The pinnacle of publicity opportunities - being invited to be interviewed on national television, but without doubt, also the most daunting.
On television, there is nowhere to hide. TV reportedly makes us look five kilograms heavier and exposes the blemishes and wrinkles. And there's no editing the bloopers out of a live interview. You could be reduced to a blithering idiot while millions point and laugh. Or you could rise to the occasion and be the confident, articulate expert you are in real life, on the small screen! Here's what I wish I'd known first time around...
Hang on...what's that bit about TV making us look fatter?
Sadly, new research by the UK's Independent Television Commission
has confirmed every TV starlet's worst nightmare - television packs on the pounds, specifically 'chunking up' the neck, jawline and waist. This is attributable to how the human eye perceives images in 2-D, as opposed to 3-D - in other words, the camera does, in fact, lie.
Need I mention HDTV?
Projecting two to five times the resolution of standard television, HDTV magnifies wrinkles, blemishes and creases in glorious technicolor. As if TV presenters didn't have enough to worry about with unnaturally chunky jowls, more mature presenters are being dropped by TV networks, like the BBC, because they look too wrinkly
on HDTV. Bottom line (errm
) - TV can be less than flattering for seasoned pros, so what hope do the rest of us have to come across even half-decent on camera?
Thankfully, there are workarounds...
Starting with choosing a TV-friendly outfit. Avoid at all costs:
Black - it reduces definition on-screen, rendering you down to a big black blob on a black chair
Reds and oranges - they appear to 'glow' on TV
Patterns and overly bright colours - it causes a phenomenon known in the industry as a moiré... distracting for viewers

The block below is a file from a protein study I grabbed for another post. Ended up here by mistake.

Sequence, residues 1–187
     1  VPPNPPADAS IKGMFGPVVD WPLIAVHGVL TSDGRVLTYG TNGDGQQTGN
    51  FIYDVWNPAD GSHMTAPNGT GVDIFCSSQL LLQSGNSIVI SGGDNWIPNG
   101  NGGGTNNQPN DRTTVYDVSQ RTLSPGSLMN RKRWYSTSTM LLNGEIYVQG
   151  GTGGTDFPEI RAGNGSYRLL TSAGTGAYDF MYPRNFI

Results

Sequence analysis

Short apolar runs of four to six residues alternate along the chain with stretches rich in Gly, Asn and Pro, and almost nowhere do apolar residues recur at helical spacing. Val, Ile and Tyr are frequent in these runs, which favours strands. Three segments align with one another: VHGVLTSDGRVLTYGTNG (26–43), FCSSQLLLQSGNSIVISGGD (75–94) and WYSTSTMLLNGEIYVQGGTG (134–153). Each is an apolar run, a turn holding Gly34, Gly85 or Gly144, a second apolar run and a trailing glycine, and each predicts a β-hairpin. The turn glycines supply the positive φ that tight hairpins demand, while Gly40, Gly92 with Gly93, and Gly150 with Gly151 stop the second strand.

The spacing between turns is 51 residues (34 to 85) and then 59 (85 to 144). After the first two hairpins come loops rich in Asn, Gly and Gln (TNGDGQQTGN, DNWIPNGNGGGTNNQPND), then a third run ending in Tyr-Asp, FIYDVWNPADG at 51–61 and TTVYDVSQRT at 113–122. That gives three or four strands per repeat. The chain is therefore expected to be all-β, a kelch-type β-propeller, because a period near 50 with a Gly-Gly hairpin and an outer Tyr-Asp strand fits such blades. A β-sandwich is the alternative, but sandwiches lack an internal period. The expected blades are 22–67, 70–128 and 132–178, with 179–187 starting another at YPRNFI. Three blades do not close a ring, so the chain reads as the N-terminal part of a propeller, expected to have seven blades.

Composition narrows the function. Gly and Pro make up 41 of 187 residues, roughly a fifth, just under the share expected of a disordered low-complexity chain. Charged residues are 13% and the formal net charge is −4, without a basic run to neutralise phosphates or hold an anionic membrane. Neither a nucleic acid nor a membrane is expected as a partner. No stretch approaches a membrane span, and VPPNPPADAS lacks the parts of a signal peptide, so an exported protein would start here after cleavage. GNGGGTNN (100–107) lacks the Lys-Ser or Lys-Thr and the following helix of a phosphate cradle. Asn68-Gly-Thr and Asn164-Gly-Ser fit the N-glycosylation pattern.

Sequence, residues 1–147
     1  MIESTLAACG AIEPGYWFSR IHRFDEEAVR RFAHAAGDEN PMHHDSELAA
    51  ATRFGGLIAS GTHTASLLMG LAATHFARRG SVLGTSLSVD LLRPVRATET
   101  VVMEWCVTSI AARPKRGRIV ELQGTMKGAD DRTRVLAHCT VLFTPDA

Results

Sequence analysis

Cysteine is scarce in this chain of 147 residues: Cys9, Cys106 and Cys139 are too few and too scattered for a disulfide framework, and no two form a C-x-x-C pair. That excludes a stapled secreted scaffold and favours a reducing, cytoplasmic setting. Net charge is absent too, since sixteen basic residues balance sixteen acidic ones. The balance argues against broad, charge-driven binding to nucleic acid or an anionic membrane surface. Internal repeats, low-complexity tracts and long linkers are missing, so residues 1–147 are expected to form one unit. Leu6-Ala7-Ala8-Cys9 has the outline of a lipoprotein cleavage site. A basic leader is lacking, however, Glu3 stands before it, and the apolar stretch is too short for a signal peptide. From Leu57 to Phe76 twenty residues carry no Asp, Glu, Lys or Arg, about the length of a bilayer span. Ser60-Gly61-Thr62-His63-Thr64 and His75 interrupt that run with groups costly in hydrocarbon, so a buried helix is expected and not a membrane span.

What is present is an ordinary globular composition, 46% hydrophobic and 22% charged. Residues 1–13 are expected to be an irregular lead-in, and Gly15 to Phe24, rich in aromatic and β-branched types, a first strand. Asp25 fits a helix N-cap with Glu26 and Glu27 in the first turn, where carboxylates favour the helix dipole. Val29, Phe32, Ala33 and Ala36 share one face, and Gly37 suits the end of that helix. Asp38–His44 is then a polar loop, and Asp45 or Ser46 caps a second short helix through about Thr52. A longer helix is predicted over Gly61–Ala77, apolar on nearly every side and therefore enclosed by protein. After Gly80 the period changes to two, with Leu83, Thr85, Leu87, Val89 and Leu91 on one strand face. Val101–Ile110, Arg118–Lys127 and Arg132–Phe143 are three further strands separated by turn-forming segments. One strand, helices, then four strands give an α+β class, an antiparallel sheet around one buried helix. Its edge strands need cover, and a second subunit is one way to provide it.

Flashy, jangly jewellery - can be distracting, reflecting light and causing interference with your lapel microphone
Too baggy clothing - contrary to what you're hoping for, it makes you appear larger than life
Revealing clothing - the penetrating glare of the TV lights will not do you justice.
If you don't have an appropriate outfit, invest in one. These are good choices to make:
A well-cut jacket or blazer lends style and structure, instantly slimming and defining the body (and provides a spot for the lapel microphone)
Plain, neutral colours - blues, greens, greys or earthy tones - will help prevent you from blending into the background and don't have that 'blobbing' quality that black does
Gentlemen - If you choose to wear a tie, make it a solid shade and make sure it's neatly tied and that your shirt collar isn't too tight. Or lose the tie and leave the top button undone for a more relaxed look.
Ladies - Pair a plain shirt in a complementary neutral colour with your jacket. A loosely tied scarf can cover a multitude of sins and creates a touch of glam.
Although only the upper body will be shown on most TV interviews, pay attention to the lower half, as well. If you look good, you feel good, and if you feel good, you'll do well.
But wait, there's more!
A couple of days before the interview, drink plenty of water - this reduces water retention and properly hydrates your skin
Get an early night before the big day so you're bright-eyed and bushy-tailed
TV is no place for a bad hair day, so do book an appointment with your stylist the morning of your interview for a professional blow-dry
A make-up artist will be appointed to you - they'll put on more makeup than you're probably used to but this is a performance and they know what they're doing, so let them do their thing (gentlemen, this goes for you too).
Don't slouch in your chair - sit up straight and lean slightly in towards the camera to appear both slimmer and more authoritative and confident.
Bonus tips for your TV takeover
Clothes make the man, or so said Mark Twain. You may look the part, but you need to act the part too. To promote a successful performance, do the following:
Get all the details upfront - who's doing the interview, where's it taking place, what time's it happening and will it be live or recorded?
Ask for the interview schedule in advance
Jot down some facts and figures and think about how you would tell someone who knows nothing about your area of expertise all about it
Confirm the interview the day before it's due to happen
Allow plenty of travelling time and get there around half an hour early
Take a comfort break before you hit the studio
Listen to the studio engineer's brief and ask questions
If the feed in your earpiece is too soft or too loud, ask for it to be turned up or down to comfortable levels. Be aware that there's a slight time delay in the feed.
Blot out all the activity around you and focus in on the camera.
Keep gestures small and controlled
Breathe, relax and enjoy!
Posted on 29 Jul 2014 09:14